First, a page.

Simply a great compassion, that it is not their fault. If you are selling glasses ask Premda, my optician if you are selling glasses in a city of the blind you should know that nobody is going to accept that you have brought a great blessing to them. The people are blind, they have never seen anything, and your glasses cannot help them. And all great masters have been selling glasses to the blind. If the blind are ready to follow all the instructions, disciplines, perhaps their eyes may start opening, because nobody is born spiritually blind.

Only eyes are closed, and you have forgotten how to open your own eyes. The whole function of the master is to help you to open your eyes. Sometimes it hurts. It is a surgery. And the disciple becomes offended when something hurts. But the master's intention is never to hurt you; his only intention is to help you to a better and more spiritual, more beautiful, more immortal life. How can one even think to do something, in the name of freedom, against his own master?

The master is his freedom, and if something is going against the master, that is not freedom. You are going against yourself and against freedom. It may appear on the surface that you are acting on your own, but you will harm yourself. If you think harming yourself is your freedom, destroying the work that the master has been doing on your eyes... if you think it is your freedom to destroy the glasses that have been provided to you, then you are behaving in an absolutely idiotic way.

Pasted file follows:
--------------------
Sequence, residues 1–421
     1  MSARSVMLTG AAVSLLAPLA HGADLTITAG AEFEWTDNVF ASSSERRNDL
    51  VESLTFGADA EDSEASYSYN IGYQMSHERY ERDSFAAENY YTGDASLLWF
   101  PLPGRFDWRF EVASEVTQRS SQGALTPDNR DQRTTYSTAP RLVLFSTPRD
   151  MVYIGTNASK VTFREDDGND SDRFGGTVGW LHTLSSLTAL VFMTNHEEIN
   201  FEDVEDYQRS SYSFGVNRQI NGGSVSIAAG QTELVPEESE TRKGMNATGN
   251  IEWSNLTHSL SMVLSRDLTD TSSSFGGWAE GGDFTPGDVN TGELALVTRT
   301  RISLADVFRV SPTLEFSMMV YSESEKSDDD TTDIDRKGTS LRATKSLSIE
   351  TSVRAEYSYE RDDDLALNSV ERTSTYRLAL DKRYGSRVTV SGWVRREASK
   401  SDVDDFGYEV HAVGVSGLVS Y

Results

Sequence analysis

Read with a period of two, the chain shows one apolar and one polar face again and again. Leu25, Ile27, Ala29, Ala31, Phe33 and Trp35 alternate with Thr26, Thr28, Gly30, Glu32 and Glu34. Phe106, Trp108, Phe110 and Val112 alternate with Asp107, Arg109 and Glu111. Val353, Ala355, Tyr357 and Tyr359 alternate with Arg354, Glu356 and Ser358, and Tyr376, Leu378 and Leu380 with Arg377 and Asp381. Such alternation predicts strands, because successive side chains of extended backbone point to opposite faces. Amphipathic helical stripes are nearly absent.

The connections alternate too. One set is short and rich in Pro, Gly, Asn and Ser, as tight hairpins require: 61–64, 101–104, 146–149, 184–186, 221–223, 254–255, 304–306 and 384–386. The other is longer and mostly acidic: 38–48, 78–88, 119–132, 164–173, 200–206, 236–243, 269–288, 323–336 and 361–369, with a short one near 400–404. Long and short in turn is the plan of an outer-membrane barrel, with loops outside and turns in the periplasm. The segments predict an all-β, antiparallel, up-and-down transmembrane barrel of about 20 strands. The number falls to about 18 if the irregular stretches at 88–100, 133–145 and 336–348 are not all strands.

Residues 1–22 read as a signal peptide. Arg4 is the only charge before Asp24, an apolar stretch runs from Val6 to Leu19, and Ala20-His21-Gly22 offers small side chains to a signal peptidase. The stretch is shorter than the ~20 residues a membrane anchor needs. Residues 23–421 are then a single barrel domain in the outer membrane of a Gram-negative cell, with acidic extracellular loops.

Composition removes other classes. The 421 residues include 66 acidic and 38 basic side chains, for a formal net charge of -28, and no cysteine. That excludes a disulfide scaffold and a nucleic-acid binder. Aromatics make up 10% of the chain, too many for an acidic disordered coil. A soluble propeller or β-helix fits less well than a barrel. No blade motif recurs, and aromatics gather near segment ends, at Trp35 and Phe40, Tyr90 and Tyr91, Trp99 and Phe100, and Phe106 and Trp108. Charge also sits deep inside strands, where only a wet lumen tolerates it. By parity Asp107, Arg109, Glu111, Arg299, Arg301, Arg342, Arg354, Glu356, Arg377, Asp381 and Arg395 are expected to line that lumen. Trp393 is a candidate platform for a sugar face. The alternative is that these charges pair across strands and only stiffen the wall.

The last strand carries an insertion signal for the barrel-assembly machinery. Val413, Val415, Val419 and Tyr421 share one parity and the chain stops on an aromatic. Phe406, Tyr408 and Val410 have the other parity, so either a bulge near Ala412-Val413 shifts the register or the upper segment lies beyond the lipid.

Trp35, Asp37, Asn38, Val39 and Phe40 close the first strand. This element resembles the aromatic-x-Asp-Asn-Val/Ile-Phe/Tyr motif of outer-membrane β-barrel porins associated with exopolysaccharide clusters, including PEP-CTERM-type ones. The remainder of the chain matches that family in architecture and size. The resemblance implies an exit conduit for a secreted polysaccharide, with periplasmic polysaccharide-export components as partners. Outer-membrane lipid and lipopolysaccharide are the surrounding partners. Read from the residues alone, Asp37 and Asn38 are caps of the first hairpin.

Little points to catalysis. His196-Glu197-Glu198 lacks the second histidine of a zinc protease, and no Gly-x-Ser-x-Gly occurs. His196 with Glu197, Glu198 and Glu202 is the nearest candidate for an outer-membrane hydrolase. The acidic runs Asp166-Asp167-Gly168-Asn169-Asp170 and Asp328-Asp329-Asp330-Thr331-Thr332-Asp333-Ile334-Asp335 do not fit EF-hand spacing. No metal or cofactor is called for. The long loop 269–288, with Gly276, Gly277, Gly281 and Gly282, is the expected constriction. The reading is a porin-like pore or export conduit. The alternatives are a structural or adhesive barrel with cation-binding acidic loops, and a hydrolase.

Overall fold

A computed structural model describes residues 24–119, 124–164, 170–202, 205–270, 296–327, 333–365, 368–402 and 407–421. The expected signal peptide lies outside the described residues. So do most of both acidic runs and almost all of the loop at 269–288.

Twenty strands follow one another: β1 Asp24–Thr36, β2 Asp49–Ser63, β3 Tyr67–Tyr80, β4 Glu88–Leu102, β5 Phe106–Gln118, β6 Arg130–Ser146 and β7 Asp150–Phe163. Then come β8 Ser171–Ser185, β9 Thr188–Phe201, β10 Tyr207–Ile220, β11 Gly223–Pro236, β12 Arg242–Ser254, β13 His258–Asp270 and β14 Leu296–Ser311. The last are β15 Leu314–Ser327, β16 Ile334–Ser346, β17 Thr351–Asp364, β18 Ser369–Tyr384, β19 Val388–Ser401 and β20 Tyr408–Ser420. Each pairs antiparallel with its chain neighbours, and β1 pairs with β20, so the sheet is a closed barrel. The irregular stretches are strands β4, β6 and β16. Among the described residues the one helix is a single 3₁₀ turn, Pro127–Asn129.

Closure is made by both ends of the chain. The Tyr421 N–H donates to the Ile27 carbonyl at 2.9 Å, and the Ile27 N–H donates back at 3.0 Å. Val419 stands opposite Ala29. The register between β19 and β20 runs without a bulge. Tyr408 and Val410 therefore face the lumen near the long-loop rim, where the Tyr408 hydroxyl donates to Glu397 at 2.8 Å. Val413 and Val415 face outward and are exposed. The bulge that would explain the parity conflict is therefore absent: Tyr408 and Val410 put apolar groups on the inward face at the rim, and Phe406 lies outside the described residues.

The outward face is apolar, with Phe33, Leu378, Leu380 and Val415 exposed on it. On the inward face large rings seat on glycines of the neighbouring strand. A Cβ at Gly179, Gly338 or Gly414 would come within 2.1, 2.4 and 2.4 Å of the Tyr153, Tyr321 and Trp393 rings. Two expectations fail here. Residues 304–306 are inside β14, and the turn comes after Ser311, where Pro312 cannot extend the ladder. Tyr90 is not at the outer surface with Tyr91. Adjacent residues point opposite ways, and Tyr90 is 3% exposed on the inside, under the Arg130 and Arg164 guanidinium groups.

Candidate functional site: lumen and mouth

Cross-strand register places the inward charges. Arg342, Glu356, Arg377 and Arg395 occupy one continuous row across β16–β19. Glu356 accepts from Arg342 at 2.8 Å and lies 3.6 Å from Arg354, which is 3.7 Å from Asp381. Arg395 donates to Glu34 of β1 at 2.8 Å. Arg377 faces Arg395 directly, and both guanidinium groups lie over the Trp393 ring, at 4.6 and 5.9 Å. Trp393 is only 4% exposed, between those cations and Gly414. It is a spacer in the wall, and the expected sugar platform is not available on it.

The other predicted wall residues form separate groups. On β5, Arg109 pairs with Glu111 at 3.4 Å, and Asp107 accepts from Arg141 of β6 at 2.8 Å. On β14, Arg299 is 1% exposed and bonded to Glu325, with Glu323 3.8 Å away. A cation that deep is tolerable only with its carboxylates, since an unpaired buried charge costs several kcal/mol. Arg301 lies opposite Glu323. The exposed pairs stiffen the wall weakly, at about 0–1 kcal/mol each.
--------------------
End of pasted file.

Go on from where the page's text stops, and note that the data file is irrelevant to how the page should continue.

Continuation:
To find the master is a blessing, and to dissolve oneself into the master is the most delicious experience experience of freedom and joy, a kind of unburdening of all the unnecessary load, an experience of lightness and laughter.... But it is very difficult to see one's own faults. By our very nature we are made up in such a way that we can see the faults of others, but we cannot see our own fault. And our own fault may be big enough; then too, we will not be able to see because it is our own. We have become identified with it, it is our personality. If somebody points it out, it is going to hurt us.

The ancient Sufi proverb is, "One can see a small piece of sand in somebody else's eye, but one cannot see a whole camel in one's own eye." The big-mouthed frog is sitting by his pond in the jungles of Goa one day, when the tiger comes by and says, "Hey man, have you heard? There is a big full-moon party down at the beach tonight." 
The frog opens his huge mouth and says, "Faarrr out!"

"Yeah," says the tiger, "and there will be lots of dancing sannyasin girls."
"Faarrr out!" says the frog.

"And there will be lots of jazz music and skinheads," says the tiger.
"Faarrr out," says the frog.

"And there will be lots of booze and plenty to eat."
"Faarrr out," says the frog.

"One thing only," says the tiger, "has to be remembered: that people with big mouths are not allowed to go."
The frog shuts his mouth with a `bang' and says, "Poor crocodile, he will be so disappointed."

Faarrr out!